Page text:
In the longest follow-up results from a clinical trial of combination immunotherapy for metastatic melanoma, investigators report that nearly half the patients who received the drugs nivolumab and ipilimumab were alive at a median of 6.5 years after treatment. These long-term results from the CheckMate 067 clinical trial, presented at the 2021 ASCO Annual Meeting by Jedd D. Wolchok, MD, PhD, FASCO, represent a new landmark in survival rates for patients with melanoma treated with immune checkpoint inhibitors (Abstract 9506).
Jedd D. Wolchok, MD, PhD, FASCO
CheckMate 067 Details
The clinical trial compared nivolumab and ipilimumab, alone and in combination, in patients with previously untreated stage III or IV melanoma that could not be removed surgically. Both drugs target proteins on T cells known as immune checkpoints, which some cancer cells exploit to spare themselves from an attack by the T cells. By interfering with these proteins, the drugs essentially release the brakes on such an attack. Nivolumab targets the PD-1 checkpoint protein, and ipilimumab targets the CTLA-4 checkpoint protein.
In the trial, patients were randomly assigned to receive nivolumab and ipilimumab in combination, nivolumab plus a placebo, or ipilimumab alone. Six and a half years after treatment, participants who received the nivolumab/ipilimumab combination were more likely to be alive and to have had no advance of their disease than those who received either drug alone. At the 6.5-year mark, 49% of participants treated with the combination therapy were alive, compared to 42% of those treated with nivolumab alone and 23% of those treated with ipilimumab alone. Progression-free survival was 34% for the combination therapy group, 29% for the nivolumab-only group, and 7% for the ipilimumab-only group.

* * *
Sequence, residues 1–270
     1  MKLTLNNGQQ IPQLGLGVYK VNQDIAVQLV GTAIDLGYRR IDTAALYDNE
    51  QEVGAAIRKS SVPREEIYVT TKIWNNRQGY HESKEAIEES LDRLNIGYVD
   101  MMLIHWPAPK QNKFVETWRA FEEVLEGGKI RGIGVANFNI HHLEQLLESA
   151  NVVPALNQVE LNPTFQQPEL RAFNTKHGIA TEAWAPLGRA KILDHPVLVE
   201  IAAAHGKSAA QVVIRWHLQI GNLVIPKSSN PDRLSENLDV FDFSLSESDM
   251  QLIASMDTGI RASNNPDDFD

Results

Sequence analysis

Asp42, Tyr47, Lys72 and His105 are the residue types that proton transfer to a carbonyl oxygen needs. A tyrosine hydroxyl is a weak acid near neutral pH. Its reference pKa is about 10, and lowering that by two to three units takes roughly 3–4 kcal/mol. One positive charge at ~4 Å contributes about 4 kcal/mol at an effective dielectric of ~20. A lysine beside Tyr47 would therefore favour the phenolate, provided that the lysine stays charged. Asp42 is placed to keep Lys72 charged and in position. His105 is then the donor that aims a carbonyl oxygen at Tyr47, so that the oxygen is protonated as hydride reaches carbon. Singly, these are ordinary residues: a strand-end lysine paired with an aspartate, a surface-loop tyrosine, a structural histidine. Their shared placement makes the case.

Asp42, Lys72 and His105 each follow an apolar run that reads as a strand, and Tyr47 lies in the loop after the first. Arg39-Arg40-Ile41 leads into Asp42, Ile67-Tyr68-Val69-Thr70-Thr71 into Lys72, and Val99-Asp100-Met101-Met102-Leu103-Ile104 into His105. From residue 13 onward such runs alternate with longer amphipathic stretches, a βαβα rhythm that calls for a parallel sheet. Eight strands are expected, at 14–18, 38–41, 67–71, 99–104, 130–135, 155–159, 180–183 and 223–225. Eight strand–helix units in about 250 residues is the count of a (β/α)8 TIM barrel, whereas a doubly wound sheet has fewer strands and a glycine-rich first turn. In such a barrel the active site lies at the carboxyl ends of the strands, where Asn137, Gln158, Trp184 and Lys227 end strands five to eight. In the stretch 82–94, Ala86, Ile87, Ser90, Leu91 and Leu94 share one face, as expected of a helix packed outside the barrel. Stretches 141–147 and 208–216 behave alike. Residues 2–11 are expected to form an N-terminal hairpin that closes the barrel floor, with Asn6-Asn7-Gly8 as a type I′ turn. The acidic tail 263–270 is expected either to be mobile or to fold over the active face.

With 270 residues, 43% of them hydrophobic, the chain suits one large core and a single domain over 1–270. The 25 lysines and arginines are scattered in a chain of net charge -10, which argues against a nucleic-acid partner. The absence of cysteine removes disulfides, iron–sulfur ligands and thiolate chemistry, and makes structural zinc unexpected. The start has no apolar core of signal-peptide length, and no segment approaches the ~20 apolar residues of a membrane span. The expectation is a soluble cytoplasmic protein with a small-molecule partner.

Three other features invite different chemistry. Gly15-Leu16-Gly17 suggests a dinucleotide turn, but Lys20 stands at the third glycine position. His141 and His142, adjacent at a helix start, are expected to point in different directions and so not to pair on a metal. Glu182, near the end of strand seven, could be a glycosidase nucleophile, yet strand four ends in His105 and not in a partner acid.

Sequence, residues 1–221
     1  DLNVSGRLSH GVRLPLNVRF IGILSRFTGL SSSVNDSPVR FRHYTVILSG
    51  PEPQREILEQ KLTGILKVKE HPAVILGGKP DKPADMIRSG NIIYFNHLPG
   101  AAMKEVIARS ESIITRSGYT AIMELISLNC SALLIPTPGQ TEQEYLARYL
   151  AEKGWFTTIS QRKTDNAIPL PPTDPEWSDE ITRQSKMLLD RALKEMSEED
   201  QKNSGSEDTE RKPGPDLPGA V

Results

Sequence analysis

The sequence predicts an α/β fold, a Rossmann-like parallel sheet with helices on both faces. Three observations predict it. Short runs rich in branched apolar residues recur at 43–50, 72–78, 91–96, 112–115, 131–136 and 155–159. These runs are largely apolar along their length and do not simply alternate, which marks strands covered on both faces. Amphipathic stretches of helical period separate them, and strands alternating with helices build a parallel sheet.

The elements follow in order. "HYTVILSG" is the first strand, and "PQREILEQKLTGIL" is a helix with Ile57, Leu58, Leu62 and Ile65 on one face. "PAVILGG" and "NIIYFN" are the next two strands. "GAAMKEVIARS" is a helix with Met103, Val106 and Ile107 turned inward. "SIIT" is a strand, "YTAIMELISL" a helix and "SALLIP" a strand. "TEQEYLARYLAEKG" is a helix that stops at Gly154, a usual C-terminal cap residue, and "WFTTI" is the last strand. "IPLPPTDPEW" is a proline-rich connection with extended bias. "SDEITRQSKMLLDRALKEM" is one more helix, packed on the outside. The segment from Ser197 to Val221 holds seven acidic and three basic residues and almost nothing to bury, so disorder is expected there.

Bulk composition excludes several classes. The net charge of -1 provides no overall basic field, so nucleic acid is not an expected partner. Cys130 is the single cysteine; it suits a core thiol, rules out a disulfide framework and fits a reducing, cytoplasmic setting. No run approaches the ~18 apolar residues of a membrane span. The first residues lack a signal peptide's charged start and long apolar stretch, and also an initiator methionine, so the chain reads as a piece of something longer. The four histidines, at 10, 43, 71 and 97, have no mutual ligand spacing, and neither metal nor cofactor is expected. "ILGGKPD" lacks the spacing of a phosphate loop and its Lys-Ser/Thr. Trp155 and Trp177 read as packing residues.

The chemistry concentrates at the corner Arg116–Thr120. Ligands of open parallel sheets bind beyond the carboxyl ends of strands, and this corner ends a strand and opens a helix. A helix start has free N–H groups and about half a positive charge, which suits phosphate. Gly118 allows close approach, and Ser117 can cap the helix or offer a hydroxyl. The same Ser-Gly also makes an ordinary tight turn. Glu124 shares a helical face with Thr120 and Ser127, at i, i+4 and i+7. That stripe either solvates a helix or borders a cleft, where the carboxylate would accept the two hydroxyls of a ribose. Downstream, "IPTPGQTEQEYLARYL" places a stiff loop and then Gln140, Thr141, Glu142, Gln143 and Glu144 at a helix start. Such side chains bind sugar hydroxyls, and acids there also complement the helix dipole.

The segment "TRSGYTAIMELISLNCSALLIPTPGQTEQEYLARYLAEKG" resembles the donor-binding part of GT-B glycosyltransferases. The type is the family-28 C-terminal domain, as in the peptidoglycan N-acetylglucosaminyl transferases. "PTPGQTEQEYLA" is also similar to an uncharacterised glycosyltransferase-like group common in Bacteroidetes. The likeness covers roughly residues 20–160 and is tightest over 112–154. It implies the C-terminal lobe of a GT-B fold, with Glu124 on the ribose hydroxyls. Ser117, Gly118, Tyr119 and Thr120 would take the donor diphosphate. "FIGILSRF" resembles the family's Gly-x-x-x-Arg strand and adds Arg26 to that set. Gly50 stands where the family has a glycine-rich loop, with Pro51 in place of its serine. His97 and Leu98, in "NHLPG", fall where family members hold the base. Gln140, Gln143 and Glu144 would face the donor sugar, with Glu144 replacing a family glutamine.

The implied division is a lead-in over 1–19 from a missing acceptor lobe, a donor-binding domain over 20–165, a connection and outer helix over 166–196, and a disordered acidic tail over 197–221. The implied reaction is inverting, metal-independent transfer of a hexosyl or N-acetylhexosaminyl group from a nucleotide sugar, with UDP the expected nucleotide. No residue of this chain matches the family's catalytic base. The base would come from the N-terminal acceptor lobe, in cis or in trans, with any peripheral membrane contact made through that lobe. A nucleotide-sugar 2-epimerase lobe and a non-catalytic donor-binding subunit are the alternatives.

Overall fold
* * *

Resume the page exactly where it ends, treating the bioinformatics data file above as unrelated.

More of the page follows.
Median survival followed the same pattern. For patients treated with nivolumab and ipilimumab, median survival was 72.1 months, or just over 6 years. For those treated with just nivolumab, median survival was 36.9 months, and for those treated with just ipilimumab, it was 19.9 months.
The study authors concluded, “This 6.5-year analysis represents the longest follow-up from a phase III melanoma trial in the modern checkpoint inhibitor combination therapy and targeted therapy era. The results show durable improved outcomes with nivolumab/ipilimumab and nivolumab vs ipilimumab in patients with advanced melanoma. We observed improvement in overall survival, progression-free survival, and objective response rate with nivolumab/ipilimumab over nivolumab alone.”
Disclosure: The clinical trial was supported by Bristol Myers Squibb. For full disclosures of the study authors, visit coi.asco.org.The content in this post has not been reviewed by the American Society of Clinical Oncology, Inc. (ASCO®) and does not necessarily reflect the ideas and opinions of ASCO®.